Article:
The Bush White House has upset conservatives on many issues but a lack of spending control is at or near the top of the list of complaints. In an article for TownHall.com, Republican frontrunner Rudy Giuliani draws on his experience in New York to suggest that if he gets into the White House there'll be a lot more fiscal conservatism:
"Washington needs a hefty dose of fiscal discipline. To restore accountable and effective leadership to America, government needs to run more like a business. That is what I did in New York*. My administration inherited a $2.3 billion deficit. We responded by imposing fiscal discipline. We cut programs. We cut taxes. And we got results. We turned the deficit into a multibillion-dollar surplus. We cut bureaucracy by 20,000 workers - while increasing cops on the street and teachers in the classroom. And we cut taxes 23 times, all while working with a Democrat-dominated city council. Every year - in good times or bad - I required city commissioners to propose cuts in their own budgets. I wanted to keep my managers focused on saving taxpayers' money, while spending it more effectively."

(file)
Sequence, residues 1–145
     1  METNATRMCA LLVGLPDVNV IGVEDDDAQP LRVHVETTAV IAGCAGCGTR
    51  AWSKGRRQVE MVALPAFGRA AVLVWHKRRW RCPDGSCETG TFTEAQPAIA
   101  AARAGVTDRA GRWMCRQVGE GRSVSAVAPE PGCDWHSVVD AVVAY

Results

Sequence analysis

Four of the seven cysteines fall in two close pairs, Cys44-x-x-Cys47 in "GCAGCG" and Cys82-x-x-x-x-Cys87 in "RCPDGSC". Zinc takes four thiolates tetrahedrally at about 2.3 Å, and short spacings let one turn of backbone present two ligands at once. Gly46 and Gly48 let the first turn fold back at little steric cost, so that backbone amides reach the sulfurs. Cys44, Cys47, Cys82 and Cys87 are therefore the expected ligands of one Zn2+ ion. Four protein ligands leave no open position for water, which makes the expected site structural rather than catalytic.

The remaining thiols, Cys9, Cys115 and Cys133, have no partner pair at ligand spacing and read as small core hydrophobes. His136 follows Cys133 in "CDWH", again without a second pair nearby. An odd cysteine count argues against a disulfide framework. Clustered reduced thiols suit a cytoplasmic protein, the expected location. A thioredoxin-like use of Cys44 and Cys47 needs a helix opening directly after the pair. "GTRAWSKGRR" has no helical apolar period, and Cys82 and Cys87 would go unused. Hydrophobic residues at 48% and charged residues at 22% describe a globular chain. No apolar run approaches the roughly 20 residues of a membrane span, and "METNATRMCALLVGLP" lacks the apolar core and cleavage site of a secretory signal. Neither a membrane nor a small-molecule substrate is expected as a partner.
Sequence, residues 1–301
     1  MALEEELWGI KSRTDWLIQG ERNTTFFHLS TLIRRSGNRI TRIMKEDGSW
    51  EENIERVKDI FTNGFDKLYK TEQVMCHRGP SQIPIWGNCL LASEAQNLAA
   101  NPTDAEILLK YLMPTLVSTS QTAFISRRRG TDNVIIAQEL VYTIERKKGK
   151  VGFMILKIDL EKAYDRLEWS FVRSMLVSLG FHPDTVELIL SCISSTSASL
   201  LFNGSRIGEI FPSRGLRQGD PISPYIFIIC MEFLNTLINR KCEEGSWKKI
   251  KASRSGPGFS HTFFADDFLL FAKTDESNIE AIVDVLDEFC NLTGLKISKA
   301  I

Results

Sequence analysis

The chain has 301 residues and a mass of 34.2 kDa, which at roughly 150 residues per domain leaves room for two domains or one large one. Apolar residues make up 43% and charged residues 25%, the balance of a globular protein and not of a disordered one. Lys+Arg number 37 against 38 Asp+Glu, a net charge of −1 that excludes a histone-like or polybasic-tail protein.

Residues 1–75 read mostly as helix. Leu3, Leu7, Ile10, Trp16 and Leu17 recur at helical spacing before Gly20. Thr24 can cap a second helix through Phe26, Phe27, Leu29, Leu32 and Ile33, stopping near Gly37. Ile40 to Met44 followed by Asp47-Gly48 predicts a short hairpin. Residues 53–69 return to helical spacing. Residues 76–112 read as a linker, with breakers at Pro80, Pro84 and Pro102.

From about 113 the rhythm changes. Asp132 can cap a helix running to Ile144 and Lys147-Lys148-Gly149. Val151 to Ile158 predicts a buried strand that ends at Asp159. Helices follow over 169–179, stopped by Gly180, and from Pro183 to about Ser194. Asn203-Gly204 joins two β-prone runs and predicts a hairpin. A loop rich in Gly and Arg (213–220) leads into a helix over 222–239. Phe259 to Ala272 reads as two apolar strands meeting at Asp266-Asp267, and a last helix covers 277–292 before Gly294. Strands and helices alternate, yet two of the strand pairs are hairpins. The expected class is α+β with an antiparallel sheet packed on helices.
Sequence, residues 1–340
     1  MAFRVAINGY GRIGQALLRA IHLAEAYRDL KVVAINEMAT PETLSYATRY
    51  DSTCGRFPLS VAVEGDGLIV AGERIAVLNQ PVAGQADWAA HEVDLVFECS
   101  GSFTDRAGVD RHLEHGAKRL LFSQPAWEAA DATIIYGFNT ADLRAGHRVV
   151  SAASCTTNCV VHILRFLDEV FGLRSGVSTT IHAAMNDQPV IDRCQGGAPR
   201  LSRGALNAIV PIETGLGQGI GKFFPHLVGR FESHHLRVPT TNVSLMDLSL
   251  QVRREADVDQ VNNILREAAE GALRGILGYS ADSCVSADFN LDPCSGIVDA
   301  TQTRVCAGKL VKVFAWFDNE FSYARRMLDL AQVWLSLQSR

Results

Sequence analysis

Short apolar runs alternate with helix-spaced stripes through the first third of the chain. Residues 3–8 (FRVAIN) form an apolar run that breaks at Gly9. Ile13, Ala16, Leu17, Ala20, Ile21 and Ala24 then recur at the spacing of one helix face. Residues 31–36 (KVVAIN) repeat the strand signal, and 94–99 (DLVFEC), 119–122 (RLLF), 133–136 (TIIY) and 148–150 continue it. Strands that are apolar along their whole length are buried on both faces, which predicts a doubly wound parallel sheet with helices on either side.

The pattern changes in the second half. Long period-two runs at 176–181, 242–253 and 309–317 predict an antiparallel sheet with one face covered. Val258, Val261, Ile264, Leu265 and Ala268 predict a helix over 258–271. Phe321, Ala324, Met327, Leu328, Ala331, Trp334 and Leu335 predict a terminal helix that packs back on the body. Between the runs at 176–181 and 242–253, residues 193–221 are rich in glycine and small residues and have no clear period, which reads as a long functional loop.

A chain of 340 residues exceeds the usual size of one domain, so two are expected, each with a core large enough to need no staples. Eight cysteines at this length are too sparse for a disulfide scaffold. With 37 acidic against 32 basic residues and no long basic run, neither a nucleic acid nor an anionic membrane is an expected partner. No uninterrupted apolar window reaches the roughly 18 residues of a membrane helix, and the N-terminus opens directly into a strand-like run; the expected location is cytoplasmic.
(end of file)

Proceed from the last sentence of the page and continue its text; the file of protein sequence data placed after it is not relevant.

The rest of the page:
Mayor Giuliani goes on to promise that his prosperity agenda will be built on "four pillars":
- Reduced spending growth: Without sacrificing his priorities of greater energy independence, homeland security and "a stronger military to win the war on terror or, as I call it, "the terrorists' war on us"", he adovates a smaller, smarter government and US$21bn annual savings in wage bills by possibly "permanently retiring just half of the potential retirees" from the federal government.
- Lower tax rates and "the dealth penalty" for the death tax.
- Regulatory reform must be a priority and "heavy-handed regulators, laws such as Sarbanes-Oxley and an environment of hyper-litigation and shareholder lawsuits" must all be pruned.
- Sound monetary policy: "The Federal Reserve Board is the ultimate, independent arbiter of monetary policy. It is essential that its appointees are highly qualified individuals who understand that stable, low inflation is an input - not an impediment - to durable economic expansion and stronger economic growth."
A commitment to fiscal discipline is just one of the ways in which Mayor Giuliani is appealing to conservatives. Earlier this week the Wall Street Journal noted that his views on climate change have been "quite sensible": "He has questioned the extent to which global warming is caused by man-made activity, saying the science "is not in" on the issue, and has advocated nuclear power as a means of creating clean energy."
* "That is what I did in New York' - voters will be hearing that message a lot from 'America's Mayor' as he promises a return to competence.
BritainAndAmerica.com will be posting later on John McCain's major speech on Iraq.